“The manager decided I had potential, so he signed me up for the management program and I moved to Thomasville, Georgia. I did the management training program there, and during that time, I contacted my dad. He wasn’t well, so I went back to Killeen. That was mid-1987.
“I stayed with him for a few months, mostly working in fast food. I worked for Fajita Function, and in ’89 I became a manager for them at Cedar Park. I met a girl who also worked there, and we decided to get married and move to Asheville, North Carolina, where she was from.
“Then the recession hit; down abandoned by everything. I couldn’t find a job, so I ended up working for a restaurant for a few years. I hurt my neck – I blew a record – and at that time I was working for a hospital. She was pregnant, so we moved to Georgia, where her parents lived. I worked there for NTW (National Tire Warehouse), which was owned by Sears.
“My wife and I ended up getting a divorce and she had my son. I moved across the country again because I couldn’t take care of it.
“So I went back to California, and I transferred from NTW to Sears, and I got into Sears’ management program for their automotive center. He stayed with them until about 2000, then went to work. for a hardware business. In 2003, my father died, and two months later my mother, who lived in Houston, died. At that point, my current wife and I decided to move back to Killeen and take over my father’s house.
These days, Bryant is a state-licensed SCADA (scientific control and data acquisition) senior technician for the city’s water and sewer department. It’s a lonely job with a lot of responsibility – something he says suits him very well.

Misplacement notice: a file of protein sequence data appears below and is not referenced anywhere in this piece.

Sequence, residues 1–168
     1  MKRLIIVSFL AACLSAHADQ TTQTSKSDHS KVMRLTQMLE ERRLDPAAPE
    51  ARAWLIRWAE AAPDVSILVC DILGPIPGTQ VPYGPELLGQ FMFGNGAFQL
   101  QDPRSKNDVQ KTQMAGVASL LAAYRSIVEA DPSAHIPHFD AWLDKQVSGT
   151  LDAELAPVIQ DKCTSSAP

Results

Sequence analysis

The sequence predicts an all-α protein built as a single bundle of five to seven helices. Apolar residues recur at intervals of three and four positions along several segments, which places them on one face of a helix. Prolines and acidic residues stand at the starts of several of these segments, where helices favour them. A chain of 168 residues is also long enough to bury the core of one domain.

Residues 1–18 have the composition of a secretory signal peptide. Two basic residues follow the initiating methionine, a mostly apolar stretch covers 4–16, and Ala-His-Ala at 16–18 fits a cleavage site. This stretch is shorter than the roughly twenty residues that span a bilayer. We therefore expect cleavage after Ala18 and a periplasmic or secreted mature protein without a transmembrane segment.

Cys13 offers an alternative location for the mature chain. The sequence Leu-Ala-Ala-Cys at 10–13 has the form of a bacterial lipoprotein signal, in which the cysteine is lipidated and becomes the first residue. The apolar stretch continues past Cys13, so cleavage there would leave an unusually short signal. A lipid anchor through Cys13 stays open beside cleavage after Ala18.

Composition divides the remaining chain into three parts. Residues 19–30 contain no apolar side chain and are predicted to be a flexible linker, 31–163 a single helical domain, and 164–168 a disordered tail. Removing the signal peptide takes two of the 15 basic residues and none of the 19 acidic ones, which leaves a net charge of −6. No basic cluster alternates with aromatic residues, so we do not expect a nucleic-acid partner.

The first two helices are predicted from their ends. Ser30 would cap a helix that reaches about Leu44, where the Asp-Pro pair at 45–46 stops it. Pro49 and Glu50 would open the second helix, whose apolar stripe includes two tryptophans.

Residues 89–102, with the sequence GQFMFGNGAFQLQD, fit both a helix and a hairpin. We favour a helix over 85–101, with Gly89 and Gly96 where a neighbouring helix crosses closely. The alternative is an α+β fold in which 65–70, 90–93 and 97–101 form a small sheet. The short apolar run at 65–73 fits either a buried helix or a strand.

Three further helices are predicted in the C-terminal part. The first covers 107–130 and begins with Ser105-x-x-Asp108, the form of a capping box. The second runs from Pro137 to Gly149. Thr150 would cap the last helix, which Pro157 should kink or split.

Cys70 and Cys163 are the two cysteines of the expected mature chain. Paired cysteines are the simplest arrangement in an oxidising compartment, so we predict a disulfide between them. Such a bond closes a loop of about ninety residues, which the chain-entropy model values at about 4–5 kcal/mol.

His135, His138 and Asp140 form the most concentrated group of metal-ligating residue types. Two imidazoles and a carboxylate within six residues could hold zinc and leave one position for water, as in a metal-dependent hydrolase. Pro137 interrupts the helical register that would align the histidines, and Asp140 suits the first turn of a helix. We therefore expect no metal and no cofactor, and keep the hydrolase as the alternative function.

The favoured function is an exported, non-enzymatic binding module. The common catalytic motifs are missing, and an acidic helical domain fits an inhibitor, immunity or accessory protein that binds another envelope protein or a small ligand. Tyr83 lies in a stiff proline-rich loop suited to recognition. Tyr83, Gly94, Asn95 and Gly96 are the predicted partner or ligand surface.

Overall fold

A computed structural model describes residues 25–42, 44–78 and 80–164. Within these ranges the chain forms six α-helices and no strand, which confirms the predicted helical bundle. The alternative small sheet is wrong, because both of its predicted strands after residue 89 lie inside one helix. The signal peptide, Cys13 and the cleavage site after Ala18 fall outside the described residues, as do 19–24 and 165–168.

“Basically what I do is… from 3:00 p.m. to 11:00 p.m., I monitor the flow of water throughout the city via storage tanks, towers and lift stations. I am the only person on duty for the town of Killeen from 3am to 11am.
“I also have to deal with all the overflow calls throughout the city that are not related to the police and fire department. I deal with complaints and all sorts of things that are not really part of my job, but I still have to deal with them.
“I have worked for the city for 14 years. I like my job. I take it very seriously. I have the health and safety of 150,000 people on my shoulders every day. Water and sewer… people don’t think about it, but this industry is so vital. Without water and sewage, we would have no cities. No cities. No hospitals. No firefighter. No font.
When not at work, the married father of two and grandfather of one spends much of his free time working around the house, playing computer games and mostly writing stories horror stories published in what he calls 100-word “microsagas.” He has two self-published books under the pen name, Ciofki, titled “Goth-Ick Tales”, and available on Amazon.